15. Psalm 30:5: Affirms that weeping may endure for a night, but joy comes in the morning, symbolizing the transition from Good Friday’s sorrow to Easter Sunday’s joy.

16. Isaiah 50:6: Portrays the servant enduring beatings and insults, mirroring Jesus’ sufferings before his crucifixion.

17. Isaiah 52:13-53:12: The suffering servant’s vicarious sacrifice and eventual exaltation serve as a profound portrait of Christ’s redemptive mission.

18. Exodus 15:13: The promise of God’s steadfast love leading the redeemed people echoes the salvation and deliverance achieved through Jesus’ death and resurrection.

19. Isaiah 2:2-5: Envisions a time when all nations will stream to the mountain of the Lord, finding peace and salvation—a foreshadowing of the gospel’s universal message.

20. Exodus 3:2-6: The burning bush symbolizes God’s presence and holiness, anticipating the divine presence manifest in Jesus Christ.

21. Isaiah 7:14: The prophecy of a virgin conceiving and bearing a son named Immanuel finds fulfillment in Jesus’ miraculous birth and his identity as “God with us.”

22. Genesis 22:1-14: Abraham’s willingness to sacrifice his son Isaac prefigures God’s sacrificial offering of his own Son for the redemption of humanity.

23. Numbers 21:8-9: The bronze serpent lifted up in the wilderness, bringing healing to those who looked upon it, symbolizes Jesus’ atoning work on the cross.

24. Exodus 14:13-14: God’s deliverance of Israel through the parting of the Red Sea prefigures the ultimate deliverance from sin and death through Jesus Christ.

25. Psalm 69:21: The offering of vinegar to drink in times of suffering anticipates Jesus’ experience on the cross when he is given sour wine.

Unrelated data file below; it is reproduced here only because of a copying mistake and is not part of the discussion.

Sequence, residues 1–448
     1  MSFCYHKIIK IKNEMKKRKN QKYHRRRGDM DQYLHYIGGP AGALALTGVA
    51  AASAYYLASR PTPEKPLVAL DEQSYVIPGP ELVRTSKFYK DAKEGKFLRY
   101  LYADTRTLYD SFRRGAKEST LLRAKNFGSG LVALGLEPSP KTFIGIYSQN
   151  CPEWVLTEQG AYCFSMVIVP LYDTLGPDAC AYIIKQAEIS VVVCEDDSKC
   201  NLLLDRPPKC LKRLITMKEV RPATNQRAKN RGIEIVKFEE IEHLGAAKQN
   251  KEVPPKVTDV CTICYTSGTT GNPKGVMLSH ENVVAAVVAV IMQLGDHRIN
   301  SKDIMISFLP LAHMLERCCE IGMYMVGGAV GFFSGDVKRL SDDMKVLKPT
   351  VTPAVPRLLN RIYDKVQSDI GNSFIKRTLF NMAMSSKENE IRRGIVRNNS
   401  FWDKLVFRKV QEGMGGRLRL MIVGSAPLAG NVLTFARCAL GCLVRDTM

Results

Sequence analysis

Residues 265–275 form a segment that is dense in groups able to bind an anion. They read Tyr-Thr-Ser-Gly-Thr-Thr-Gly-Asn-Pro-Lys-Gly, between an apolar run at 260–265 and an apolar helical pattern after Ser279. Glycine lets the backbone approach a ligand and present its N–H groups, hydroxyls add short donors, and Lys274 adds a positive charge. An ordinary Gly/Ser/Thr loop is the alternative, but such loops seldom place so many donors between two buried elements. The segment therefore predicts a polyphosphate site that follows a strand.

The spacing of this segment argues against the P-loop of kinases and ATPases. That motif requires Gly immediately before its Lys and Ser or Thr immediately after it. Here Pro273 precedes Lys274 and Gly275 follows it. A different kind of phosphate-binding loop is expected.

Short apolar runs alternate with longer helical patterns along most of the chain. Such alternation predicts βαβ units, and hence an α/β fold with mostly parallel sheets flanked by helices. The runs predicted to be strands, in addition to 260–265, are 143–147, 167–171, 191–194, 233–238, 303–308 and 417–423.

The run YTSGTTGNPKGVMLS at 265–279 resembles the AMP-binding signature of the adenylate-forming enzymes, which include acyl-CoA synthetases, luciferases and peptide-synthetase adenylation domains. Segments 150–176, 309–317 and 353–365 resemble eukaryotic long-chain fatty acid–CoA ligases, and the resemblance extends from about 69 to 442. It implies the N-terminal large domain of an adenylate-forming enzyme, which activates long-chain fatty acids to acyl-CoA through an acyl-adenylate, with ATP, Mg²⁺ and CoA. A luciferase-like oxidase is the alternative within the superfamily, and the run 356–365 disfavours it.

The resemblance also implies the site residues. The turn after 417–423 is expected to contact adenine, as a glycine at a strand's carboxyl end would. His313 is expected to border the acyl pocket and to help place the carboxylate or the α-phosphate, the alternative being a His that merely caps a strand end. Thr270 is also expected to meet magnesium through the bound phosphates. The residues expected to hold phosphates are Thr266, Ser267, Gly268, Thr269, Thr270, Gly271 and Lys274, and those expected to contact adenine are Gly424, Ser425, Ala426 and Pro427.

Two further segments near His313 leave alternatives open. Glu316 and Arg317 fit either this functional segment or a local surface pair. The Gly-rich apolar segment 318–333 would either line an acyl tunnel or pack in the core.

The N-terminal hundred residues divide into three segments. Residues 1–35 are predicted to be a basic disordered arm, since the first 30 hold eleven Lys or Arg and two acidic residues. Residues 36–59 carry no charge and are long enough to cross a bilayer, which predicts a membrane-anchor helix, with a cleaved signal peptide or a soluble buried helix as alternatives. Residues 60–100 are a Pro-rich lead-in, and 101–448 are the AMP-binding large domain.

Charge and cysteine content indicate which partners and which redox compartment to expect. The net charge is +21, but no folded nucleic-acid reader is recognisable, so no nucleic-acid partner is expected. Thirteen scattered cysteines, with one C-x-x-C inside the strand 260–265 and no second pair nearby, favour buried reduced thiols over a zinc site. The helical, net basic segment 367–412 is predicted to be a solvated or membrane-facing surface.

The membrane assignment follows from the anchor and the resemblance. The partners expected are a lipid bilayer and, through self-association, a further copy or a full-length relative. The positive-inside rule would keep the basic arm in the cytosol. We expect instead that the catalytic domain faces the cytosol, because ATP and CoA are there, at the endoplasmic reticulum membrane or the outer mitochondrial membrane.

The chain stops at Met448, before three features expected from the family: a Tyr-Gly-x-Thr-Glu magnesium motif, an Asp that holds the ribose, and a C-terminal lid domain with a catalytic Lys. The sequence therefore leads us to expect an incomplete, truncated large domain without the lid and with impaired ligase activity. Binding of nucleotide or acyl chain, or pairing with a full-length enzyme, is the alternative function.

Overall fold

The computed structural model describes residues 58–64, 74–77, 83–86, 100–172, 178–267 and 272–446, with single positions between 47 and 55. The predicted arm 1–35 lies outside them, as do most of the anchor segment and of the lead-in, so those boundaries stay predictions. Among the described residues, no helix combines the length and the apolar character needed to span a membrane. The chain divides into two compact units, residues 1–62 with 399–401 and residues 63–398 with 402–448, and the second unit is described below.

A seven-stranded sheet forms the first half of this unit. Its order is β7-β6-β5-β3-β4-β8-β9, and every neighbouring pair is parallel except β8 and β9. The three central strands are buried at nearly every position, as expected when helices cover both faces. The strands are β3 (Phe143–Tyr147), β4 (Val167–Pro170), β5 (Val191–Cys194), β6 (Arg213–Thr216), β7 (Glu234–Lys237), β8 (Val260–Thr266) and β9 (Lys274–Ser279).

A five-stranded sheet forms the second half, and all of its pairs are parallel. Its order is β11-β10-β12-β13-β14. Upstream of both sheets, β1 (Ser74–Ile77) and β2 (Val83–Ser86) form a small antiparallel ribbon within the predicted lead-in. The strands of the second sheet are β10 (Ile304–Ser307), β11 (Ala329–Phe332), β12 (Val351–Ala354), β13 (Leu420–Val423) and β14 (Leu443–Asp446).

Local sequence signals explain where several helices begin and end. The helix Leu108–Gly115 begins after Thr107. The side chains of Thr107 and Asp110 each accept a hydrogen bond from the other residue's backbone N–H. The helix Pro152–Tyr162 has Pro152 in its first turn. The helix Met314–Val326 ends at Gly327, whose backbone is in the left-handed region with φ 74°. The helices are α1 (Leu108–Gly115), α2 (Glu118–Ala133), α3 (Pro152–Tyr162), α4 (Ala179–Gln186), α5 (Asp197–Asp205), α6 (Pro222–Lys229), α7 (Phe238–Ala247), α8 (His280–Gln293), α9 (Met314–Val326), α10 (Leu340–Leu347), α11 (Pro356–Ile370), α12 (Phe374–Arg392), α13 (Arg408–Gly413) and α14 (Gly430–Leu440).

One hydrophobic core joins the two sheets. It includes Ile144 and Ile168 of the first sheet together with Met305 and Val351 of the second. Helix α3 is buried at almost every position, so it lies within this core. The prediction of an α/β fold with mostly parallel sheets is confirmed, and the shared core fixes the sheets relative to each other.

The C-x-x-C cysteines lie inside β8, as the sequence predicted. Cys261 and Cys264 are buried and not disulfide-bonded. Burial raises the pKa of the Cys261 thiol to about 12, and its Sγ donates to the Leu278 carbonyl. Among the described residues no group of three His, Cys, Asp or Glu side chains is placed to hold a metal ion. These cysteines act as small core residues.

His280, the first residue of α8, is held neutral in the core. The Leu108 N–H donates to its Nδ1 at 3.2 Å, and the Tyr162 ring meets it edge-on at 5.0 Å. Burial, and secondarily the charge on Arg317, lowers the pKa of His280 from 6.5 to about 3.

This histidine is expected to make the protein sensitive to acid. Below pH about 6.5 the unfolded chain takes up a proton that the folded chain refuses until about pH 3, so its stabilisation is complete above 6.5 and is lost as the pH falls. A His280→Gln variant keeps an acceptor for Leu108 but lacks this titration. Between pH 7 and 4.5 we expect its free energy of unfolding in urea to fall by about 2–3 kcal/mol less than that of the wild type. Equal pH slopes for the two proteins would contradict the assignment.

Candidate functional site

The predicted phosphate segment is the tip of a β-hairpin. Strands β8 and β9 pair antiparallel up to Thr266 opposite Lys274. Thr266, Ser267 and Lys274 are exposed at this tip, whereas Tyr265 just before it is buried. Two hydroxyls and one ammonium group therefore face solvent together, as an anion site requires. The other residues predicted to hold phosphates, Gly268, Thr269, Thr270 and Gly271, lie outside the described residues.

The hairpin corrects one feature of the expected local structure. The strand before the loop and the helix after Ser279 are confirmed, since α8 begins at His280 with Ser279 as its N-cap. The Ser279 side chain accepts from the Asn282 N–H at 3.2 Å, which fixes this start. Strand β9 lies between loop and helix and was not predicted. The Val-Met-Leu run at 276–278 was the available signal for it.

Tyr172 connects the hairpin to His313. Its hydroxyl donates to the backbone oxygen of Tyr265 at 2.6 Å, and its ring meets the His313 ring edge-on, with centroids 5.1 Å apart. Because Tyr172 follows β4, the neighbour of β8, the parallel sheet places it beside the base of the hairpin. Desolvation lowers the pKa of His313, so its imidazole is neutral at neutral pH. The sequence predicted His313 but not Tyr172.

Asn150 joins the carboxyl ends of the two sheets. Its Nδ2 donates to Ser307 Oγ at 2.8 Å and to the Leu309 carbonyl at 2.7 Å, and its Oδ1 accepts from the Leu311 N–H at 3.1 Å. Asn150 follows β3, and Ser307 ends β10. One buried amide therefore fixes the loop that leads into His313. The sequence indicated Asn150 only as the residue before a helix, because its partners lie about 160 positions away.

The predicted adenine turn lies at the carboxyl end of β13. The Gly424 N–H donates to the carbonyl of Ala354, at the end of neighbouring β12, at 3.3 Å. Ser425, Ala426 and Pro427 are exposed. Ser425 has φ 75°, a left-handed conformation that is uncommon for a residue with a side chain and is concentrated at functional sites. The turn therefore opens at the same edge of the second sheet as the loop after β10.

26. Isaiah 35:4-6: The promise of God coming with vengeance to save his people includes the restoration of sight, hearing, and mobility—mirroring Jesus’ healing ministry.

27. Jeremiah 31:31-34: Foretells the new covenant God will make, written on the hearts of his people, pointing to the spiritual renewal brought by Christ’s sacrifice.

28. Isaiah 9:6-7: The prophecy of a child born to us, called Wonderful Counselor, Mighty God, Everlasting Father, Prince of Peace, finds fulfillment in Jesus Christ.

29. Exodus 16:4: God providing manna in the wilderness prefigures Jesus’ declaration as the bread of life, sustaining and nourishing believers spiritually.

30. Genesis 22:8: Abraham’s prophetic statement, “God will provide for himself the lamb,” foreshadows Jesus as the Lamb of God who takes away the sin of the world.


The Easter Scriptures of the Old Testament serve as a timeless testament to the divine orchestration of salvation history. Through prophetic utterances, typological representations, and historical accounts, these sacred texts lay the groundwork for the climactic events of Easter, illuminating the redemptive plan of God for humanity.

As we probe into these ancient passages, we encounter a profound continuity between the Old and New Testaments, affirming the faithfulness of God and the fulfillment of His promises in the resurrection of Jesus Christ.